Coalition electoral tactics
With Nick Clegg on the campaign trail in Scotland, attention has understandably shifted towards the potential impact of the UK coalition upon these Holyrood elections.
Tavish Scott may lead an autonomous party in the Scottish Liberal Democrats but he knows - he knows only too well - that does not provide him with immunity from voter disquiet over Westminster issues.
Talking of which, did you catch his remarkable party election broadcast? After outlining a range of key Scottish policies, he confronted directly the prospect that Scots might turn against his team because they were in a UK pact with the Conservatives.
Indeed, he majored on the "T-word" - Thatcher, that is, not Tories. Scotland, he averred, had learned to distrust the Tories. The LibDems were about containing the Conservatives, not advancing them.
Broadly, Mr Clegg pursued much the same theme on his Scottish campaign tour today. It was, he said, 2011, not 1979. The LibDems would not allow the same "damage" to be wreaked upon Scotland again.
Tricky call for the LibDems. Do they defend the coalition flat out and against all comers? Or do they modulate that defence, tailoring it to circumstances?
In Scotland, they have now plainly chosen the second option - which is to depict themselves as the voice of moderation in an electoral arrangement driven by necessity.
Such a tactic might be inevitable in Scotland - but, of itself, it might also add to the strains within that UK coalition. Unless, of course, Team Cameron accept that rough things must be said in elections.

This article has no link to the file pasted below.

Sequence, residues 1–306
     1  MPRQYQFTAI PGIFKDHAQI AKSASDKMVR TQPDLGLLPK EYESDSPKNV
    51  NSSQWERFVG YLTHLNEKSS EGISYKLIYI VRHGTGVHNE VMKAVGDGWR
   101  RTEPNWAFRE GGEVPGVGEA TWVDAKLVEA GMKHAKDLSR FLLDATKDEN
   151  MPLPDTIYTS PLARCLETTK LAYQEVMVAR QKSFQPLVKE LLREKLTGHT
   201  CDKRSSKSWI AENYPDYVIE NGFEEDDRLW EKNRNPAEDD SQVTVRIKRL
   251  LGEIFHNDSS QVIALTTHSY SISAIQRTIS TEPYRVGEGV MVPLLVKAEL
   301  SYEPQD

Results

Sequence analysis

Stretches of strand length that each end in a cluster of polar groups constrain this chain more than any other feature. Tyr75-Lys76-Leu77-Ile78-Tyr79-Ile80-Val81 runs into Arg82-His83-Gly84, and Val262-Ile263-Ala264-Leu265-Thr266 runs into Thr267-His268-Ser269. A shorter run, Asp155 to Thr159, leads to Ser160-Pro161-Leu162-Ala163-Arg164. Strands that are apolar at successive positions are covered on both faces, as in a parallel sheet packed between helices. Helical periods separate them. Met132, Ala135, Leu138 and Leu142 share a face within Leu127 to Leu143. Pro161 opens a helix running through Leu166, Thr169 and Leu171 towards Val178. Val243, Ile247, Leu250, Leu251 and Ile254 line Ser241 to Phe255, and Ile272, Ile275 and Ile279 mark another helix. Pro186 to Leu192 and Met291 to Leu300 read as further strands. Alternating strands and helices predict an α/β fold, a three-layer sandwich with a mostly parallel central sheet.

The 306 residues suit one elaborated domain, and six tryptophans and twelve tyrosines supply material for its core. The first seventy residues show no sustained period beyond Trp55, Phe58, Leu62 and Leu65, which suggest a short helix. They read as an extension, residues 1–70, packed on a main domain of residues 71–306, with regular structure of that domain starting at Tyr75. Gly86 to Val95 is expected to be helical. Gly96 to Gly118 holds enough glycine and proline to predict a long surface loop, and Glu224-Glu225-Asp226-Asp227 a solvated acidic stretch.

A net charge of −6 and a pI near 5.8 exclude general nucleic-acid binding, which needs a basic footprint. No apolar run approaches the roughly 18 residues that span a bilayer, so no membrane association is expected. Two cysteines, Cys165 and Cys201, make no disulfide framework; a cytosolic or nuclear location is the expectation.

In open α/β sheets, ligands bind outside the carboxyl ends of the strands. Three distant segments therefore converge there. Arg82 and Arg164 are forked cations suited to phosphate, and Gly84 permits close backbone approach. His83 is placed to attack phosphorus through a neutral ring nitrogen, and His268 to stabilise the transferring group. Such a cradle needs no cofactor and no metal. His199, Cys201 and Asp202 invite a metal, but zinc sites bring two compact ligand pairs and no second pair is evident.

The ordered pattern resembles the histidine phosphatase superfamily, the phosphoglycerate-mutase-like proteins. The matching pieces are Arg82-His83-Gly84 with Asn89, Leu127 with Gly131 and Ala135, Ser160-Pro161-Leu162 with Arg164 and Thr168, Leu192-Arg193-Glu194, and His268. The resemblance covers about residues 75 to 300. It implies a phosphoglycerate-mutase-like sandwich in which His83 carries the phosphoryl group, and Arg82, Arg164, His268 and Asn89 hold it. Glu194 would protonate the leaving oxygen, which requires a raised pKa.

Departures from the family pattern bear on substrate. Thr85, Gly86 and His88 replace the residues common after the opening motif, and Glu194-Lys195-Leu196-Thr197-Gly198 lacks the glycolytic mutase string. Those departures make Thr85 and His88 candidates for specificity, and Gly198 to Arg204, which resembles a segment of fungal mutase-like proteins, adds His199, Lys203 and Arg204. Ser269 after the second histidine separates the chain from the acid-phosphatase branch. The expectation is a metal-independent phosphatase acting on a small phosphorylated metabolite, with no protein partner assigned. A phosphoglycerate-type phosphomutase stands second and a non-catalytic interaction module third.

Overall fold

That prospect is probably assisted, ironically, by the AV Referendum. Team Clegg are already deploying fairly blunt language against the Tories over that issue. Scotland merely adds to that mix, seen in a UK context.
In any case, Mr Clegg will not have to face the electors until the close of Westminster's newly fixed term. His challenge is years away. Tavish Scott is facing the electorate next week.
Initially, Mr Scott seemed slightly unsure as to how to treat the coalition issue. Distance himself completely? Claim gains like tax exemption and pensions uprating? Defend Clegg to the hilt?
Now - and particularly with that party election broadcast - he has found a formula. He will find out next week whether the voters are buying.
Turning to the senior partners in the UK coalition, it was Annabel Goldie at last year's election who tried a punning gag about the UK LibDem leader. A cleg, in Scots, is a horse fly: capable, according to Miss Goldie, of leaving a "nasty little blemish to remind you of how troublesome it once was".
But this time around the Tories are attempting to mirror the LibDems in one regard:that of offering to act as a shield.
Their strategy over the last few days has been to forecast an SNP victory - hoping thereby to stir their instinctive support into turning out and voting for a sizeable Tory phalanx as, again in Miss Goldie's words, "a bulwark".
Far from disavowing the coalition to any degree, Miss Goldie talks of the necessity of curbing spending, of its intrinsic virtue.
As noted here before, two very different tactics by the UK coalition parties. With the same objective: winning Holyrood votes.